17 stab wounds, gunshots and strangulation
Whether one takes a Biblical perspective, or wants to go back to the African traditional society, the man or husband, is responsible for the physical security of his family.
God has given man greater physical strength than the woman and a desire to be protectors.
But the tide has turned, and the women the men are sworn to protect have found themselves at the receiving end of anything but protection.
The most dangerous place for women is the home, UN said in a 2018 study. It said women are far more likely to die at the hands of someone they know – in this case, a husband, or boyfriend.
SEE ALSO :Court declines to grant Ivy Wangeci murder suspect bail
What’s worse is the tragedy that when these women are killed, society is almost too quick to justify the action. It will either make a joke out of it or vilify the woman.
Ivy Wangechi is the latest prominent face of violence against women in Kenya.
Her death was shocking and painful, to say the least.
Naftali Kinuthia who was obsessed with the young woman drove to Eldoret where Wangechi studied and murdered her. Kinuthia is the main suspect in the ongoing investigation.
Kinuthia was armed with a knife and axe which he used to stab and hack the young woman outside the Moi Teaching and Referral Hospital under the watch of everyone.
Wangechi, a sixth-year medical student at Moi University, was the first born in her family. She was scheduled to graduate this December.
As at April 15, Kinuthia had been detained for 14 days to allow police to complete investigations.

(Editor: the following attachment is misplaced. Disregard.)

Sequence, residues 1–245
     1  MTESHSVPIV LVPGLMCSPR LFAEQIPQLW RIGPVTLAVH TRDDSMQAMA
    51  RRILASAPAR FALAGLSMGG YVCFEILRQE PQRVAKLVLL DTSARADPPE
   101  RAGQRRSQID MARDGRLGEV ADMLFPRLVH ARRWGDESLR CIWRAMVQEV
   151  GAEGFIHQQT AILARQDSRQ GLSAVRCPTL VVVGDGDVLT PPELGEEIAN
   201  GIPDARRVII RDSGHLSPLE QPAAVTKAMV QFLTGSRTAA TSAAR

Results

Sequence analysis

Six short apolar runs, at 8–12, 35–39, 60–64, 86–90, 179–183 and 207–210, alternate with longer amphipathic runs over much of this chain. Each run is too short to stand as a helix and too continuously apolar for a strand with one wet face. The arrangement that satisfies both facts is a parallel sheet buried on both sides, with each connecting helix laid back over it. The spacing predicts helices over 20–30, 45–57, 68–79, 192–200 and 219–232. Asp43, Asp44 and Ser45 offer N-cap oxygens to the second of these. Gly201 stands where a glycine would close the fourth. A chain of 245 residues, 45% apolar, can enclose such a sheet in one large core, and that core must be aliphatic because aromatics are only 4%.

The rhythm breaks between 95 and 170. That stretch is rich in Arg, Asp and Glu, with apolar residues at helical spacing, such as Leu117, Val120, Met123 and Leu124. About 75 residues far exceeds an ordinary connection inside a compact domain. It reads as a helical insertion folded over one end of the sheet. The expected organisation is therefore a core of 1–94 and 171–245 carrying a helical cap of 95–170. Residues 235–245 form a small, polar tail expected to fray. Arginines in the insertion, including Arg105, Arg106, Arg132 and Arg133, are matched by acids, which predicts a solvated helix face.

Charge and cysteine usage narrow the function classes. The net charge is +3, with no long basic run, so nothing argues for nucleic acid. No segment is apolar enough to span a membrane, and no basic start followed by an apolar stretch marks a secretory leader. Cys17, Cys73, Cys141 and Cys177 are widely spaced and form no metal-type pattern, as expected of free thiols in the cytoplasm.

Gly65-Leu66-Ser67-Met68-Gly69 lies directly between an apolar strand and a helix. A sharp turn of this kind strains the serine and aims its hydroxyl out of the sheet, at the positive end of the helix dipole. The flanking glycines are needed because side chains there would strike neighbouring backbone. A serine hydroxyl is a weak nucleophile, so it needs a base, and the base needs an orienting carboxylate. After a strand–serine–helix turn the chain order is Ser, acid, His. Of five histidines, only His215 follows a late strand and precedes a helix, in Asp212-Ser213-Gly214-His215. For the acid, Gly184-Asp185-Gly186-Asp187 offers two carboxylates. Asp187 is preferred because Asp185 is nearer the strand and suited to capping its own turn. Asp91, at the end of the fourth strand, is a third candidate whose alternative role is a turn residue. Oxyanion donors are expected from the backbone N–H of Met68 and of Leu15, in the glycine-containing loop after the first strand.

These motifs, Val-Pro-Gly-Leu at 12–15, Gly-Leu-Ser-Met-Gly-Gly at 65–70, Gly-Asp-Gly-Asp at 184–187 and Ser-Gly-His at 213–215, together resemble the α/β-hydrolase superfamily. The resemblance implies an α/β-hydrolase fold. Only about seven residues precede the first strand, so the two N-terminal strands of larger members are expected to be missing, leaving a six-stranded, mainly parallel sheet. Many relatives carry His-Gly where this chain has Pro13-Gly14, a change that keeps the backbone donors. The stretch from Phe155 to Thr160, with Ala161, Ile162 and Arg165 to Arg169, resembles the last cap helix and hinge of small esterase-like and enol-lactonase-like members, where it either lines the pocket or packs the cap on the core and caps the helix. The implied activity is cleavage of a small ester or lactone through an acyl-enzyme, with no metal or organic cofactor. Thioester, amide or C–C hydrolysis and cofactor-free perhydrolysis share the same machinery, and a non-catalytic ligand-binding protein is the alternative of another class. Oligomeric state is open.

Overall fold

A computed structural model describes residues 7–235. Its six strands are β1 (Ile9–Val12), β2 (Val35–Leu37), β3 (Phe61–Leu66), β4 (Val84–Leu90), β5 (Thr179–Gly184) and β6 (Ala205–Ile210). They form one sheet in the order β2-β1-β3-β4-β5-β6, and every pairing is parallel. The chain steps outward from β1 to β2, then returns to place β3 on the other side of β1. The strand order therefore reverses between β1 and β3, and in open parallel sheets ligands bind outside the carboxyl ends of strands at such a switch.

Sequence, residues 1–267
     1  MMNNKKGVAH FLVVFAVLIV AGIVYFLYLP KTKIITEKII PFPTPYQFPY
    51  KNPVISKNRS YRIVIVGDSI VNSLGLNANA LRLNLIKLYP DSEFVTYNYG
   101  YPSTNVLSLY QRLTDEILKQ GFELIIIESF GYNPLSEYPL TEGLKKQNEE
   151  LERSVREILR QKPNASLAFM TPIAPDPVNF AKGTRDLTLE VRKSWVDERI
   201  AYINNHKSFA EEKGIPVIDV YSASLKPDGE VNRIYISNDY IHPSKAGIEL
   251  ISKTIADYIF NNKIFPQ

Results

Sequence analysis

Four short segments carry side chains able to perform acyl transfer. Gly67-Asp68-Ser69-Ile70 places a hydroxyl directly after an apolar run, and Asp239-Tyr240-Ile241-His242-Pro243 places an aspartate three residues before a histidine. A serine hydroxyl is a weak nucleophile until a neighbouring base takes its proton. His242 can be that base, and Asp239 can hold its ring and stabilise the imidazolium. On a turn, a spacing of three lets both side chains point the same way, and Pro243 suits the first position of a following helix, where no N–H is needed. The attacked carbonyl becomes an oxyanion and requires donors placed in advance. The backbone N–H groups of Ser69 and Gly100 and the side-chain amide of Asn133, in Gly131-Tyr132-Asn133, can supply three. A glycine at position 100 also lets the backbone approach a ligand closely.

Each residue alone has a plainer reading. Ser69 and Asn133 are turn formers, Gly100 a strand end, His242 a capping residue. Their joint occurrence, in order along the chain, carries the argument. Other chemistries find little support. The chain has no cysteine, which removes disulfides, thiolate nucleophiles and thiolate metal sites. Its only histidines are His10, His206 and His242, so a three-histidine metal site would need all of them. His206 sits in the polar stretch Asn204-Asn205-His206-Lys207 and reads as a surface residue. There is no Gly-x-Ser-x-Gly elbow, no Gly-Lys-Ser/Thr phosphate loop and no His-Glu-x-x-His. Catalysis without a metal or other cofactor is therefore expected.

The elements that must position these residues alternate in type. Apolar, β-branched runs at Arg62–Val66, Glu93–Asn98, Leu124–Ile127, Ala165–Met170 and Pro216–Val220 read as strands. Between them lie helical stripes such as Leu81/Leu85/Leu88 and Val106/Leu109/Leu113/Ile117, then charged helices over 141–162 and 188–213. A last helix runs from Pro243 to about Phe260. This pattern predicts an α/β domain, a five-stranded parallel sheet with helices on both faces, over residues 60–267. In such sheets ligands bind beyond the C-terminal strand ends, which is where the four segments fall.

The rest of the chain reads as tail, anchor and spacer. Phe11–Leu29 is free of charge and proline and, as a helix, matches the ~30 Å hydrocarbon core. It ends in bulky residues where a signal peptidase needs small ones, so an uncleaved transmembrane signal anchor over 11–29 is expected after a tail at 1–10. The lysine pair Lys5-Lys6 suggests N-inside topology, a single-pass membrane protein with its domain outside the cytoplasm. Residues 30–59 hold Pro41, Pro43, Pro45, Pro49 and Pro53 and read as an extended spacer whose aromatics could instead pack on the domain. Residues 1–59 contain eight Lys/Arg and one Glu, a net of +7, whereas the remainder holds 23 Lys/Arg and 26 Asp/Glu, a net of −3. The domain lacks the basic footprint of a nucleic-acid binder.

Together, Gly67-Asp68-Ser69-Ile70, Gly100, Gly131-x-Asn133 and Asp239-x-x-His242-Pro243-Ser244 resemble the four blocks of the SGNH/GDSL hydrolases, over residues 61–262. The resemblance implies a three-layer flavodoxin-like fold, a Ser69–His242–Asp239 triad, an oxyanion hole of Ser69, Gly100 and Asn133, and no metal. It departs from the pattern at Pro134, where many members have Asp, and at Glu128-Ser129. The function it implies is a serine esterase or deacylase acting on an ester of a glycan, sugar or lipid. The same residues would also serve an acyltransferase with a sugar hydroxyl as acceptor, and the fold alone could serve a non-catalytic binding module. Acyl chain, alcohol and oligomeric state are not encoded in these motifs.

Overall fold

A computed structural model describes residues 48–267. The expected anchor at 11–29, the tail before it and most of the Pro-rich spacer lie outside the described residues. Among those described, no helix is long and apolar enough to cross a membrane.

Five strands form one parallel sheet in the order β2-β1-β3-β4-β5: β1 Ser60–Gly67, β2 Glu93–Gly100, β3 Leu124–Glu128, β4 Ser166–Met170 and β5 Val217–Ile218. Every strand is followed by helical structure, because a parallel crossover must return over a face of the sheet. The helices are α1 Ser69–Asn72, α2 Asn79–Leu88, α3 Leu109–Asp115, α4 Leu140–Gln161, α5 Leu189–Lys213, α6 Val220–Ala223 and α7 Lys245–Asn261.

The axe and the knife which he used for the murder were presented in court as evidence.
After the murder, social media was awash with reactions from parties that condemned the death, and shockingly, others who made jokes about it.
The 'Axe Challenge', a social media craze, involved users who justified Wangechi's death, proposing that any woman who takes a man's money, knowing the man was interested in a romantic relationship, should be ready to die for it.
There's a saying that until the lion tells his side of the story, the tale of the hunt will always glorify the hunter, in this case, Kinuthia and all those who say his action was valid.
Ivy Wangechi's murder is part of a growing list of women killed this year at the hands of men in their lives.
Christine Maonga was killed by her husband, an Administration Police officer, in Navakholo, Kakamega County, following a domestic quarrel on March 15.
The officer fled after shooting the 26-year-old teacher at Navakholo Secondary School.
To condemn the killing, area residents held demonstrations and blocked the police from picking the body, demanding that the suspect be produced first.
It is unclear what the couple fought over.
Comments from some quarters implied that while dating, it is easy to spot the telltale signs and walk away.
But Penina Wangechi's story is proof that one could be in a toxic relationship even when the person hurting you is not your boyfriend but your husband.
On April 15, she
lay in her hospital bed, acknowledging that it was a miracle she was still alive.
The 30-year-old woman was stabbed 17 times by her husband
For the past seven years, she claimed, her marriage to Samuel Ndirangu, with whom she has three children, has been a living hell.